Converting recipes for use in Bellini and other thermal cookers: Part 1 of 2


There are tons of blogs, forums, and Facebook pages with recipes for thermal cookers. These sources (and the manual for your machine) are a great place for new users to start for step-by-step instructions to build your confidence. Using recipes that are specifically written for thermal cookers also helps you try out all the functions of the machine.

Soon though, you’ll probably want to branch out and start adapting other recipes. You might have a much-loved cookbook, an online recipe, or have a family favourite to adapt. Below are some recipe techniques that will work particularly well in the thermal cooker.

Using a food processor/ blender or finely chopped ingredients

All thermal cookers have the ability to blend or chop ingredients so this will work well. Note that you can only chop, you can’t grate or thinly slice.  However, sometimes it’s possible to substitute chopping for these functions (thermomix coleslaw recipes make finely chopped vegetables instead of grated). They chop very quickly so if you are adapting a recipe for the first time, check the consistency every couple of seconds so you don’t over-chop.

Sauteing onion/ garlic/ celery

Many savoury meals start with a base of sauteed aromatics. To chop onion or celery, peel and quarter then chop on Sp5-6 for 3-8 seconds until you are happy with the size of the pieces. If you are chopping 1-2 cloves of garlic, start the machine on Sp7 then tip the cloves onto the spinning blades using the measuring cup. Then add a splosh of olive oil to your chopped vegetables and cook for several minutes on Sp1, 100C. You can also cook it on ST temp/ Varoma. I think the higher temp does a better job of releasing the flavours, but it tends to leave a burn mark with the Bellini. I’m happy to scrub this off with a scourer but if you are more cautious/ sensible, stick to the lower temp.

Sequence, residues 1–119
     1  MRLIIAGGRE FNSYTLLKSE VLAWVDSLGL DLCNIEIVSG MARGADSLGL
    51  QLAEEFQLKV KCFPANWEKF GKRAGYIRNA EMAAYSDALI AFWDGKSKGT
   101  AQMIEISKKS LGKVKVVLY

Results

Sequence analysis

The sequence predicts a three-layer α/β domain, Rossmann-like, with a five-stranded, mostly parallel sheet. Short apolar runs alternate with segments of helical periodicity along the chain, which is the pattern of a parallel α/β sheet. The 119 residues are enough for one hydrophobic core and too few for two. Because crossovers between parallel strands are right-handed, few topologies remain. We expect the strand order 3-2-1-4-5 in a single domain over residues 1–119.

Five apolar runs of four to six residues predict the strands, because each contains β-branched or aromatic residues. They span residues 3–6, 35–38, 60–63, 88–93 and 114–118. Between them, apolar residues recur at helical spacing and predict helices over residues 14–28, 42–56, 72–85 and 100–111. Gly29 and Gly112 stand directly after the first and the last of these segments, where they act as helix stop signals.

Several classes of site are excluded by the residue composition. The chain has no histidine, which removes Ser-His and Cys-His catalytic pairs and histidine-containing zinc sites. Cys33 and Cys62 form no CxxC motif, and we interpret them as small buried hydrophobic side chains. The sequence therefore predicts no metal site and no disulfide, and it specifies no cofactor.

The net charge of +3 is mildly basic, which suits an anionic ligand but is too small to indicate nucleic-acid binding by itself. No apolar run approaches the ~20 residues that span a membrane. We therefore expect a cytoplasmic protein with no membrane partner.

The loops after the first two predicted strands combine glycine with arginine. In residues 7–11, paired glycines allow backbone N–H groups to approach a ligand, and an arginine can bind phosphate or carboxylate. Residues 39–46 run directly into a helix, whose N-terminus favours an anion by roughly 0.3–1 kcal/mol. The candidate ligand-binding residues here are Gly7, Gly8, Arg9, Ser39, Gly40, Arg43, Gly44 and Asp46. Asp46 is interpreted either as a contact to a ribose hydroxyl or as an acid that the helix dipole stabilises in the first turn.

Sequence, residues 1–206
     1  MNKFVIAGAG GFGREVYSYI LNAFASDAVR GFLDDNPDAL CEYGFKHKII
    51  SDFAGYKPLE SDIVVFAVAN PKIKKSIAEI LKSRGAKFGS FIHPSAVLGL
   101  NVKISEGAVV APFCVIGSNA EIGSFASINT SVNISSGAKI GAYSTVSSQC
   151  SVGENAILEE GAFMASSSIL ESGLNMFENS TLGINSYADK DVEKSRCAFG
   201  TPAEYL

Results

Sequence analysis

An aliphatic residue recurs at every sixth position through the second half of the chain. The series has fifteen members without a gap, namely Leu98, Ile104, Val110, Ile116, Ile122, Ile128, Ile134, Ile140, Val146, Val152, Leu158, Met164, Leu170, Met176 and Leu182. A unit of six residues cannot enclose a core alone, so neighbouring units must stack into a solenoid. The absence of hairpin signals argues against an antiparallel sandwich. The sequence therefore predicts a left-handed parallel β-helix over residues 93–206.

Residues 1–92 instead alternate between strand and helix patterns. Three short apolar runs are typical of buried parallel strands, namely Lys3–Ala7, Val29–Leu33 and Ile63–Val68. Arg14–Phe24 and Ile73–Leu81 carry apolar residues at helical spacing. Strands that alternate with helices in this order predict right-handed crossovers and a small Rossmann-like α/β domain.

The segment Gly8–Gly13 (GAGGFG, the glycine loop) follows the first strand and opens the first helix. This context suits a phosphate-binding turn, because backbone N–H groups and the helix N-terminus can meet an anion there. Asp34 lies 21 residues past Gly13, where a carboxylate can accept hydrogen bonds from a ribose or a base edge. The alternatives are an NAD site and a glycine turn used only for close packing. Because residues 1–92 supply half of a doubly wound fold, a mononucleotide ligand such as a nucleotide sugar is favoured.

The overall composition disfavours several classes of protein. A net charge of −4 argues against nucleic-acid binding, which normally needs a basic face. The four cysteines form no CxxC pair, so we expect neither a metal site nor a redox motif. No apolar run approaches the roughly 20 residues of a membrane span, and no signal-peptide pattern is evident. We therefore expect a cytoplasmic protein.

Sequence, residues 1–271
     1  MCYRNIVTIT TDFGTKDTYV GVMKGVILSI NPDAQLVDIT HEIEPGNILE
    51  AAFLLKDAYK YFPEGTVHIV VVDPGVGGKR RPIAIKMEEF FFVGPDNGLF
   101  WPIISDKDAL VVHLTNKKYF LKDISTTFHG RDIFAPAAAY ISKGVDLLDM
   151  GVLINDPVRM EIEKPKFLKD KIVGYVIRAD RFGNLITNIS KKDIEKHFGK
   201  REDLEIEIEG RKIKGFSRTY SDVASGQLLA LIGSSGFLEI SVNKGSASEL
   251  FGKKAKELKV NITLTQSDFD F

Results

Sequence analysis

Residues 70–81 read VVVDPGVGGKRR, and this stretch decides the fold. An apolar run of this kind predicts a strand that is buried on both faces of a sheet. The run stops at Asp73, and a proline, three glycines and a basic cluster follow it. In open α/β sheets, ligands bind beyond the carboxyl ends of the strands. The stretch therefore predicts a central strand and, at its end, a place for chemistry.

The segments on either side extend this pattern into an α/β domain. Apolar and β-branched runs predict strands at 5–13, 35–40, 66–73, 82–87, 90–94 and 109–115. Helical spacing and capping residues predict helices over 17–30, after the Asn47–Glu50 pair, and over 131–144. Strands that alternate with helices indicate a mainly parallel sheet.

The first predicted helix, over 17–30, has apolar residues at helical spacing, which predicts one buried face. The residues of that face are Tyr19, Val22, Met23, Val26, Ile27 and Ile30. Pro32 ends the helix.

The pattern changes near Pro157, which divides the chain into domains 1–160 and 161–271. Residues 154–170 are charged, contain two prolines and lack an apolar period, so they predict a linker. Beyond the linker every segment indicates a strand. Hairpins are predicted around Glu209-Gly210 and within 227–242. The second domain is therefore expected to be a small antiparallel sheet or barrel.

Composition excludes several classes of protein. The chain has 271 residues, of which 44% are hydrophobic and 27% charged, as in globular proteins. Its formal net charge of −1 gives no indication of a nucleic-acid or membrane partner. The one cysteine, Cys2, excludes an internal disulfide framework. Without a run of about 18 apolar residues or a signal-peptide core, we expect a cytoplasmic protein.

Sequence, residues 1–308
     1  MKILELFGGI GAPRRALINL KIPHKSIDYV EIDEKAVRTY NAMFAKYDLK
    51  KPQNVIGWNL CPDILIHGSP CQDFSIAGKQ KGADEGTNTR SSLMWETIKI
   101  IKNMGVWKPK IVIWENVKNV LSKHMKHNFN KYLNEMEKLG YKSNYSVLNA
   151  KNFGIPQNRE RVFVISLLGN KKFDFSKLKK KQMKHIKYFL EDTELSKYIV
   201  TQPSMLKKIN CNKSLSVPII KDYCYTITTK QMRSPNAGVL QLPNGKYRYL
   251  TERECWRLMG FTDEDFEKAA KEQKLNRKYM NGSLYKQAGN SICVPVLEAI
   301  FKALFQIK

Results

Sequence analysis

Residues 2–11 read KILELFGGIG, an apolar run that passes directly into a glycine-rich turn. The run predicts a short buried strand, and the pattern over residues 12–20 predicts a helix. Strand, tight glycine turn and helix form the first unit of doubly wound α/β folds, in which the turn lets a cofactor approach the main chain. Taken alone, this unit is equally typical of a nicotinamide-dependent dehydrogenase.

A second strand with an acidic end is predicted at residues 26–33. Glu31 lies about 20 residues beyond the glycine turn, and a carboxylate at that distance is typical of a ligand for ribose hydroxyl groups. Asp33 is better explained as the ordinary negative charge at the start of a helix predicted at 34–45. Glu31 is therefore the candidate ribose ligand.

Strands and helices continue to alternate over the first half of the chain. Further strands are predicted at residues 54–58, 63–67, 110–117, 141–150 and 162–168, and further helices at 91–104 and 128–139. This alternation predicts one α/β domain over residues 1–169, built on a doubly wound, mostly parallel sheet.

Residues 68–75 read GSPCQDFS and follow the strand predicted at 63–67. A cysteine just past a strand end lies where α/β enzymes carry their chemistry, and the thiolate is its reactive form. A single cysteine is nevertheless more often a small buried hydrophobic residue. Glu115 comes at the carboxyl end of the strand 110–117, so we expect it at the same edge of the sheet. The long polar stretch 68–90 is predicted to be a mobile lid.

Even if the rest of meal isn’t suitable for the Bellini (e.g. a slow cooker recipe), I often do this first step in the Bellini to save time. For example, when I make a double or triple quantity of bolognese. I chop 3-4 onions, 6 cloves of garlic and 2-3 carrots in the Bellini in seconds, then saute them in the machine while I prepare the other ingredients. Then I tip it into the stove top pan to brown the mince.

Sauces with a roux base

Sauces with a roux work brilliantly in the thermal cooker. You can add all the ingredients at once (milk, butter, flour, etc) then set it to cook at 90C. After 7 minutes or so, you’ll have a finished sauce. See here for a Bellini cheese sauce and here for a white sauce.


Soups are fantastically easy in the thermal cooker. You can start with an aromatic base, soften the vegetables in stock and then blend to a silky finish, all in one jug. Here’s a Bellini recipe for leek and potato soup, and here are some instructions for safely blending hot soup.

Cake recipes that begin with melting or cooking ingredients

If you need to melt butter or chocolate before blending the ingredients for the cake, a thermal cooker makes the process so much easier. I’ve adapted several recipes using this technique including date slice, lemon bars, fresh ginger cake and chocolate mandarin cake.

In part 2, I’ll look at recipe techniques that can be more challenging to adapt to the thermal cooker, and list some tweaks to make them more successful.



  1. Diana

    thank you for the tips, just starting out with my Bellini, i’m thinking its a steep learning curve, have had a few failures.

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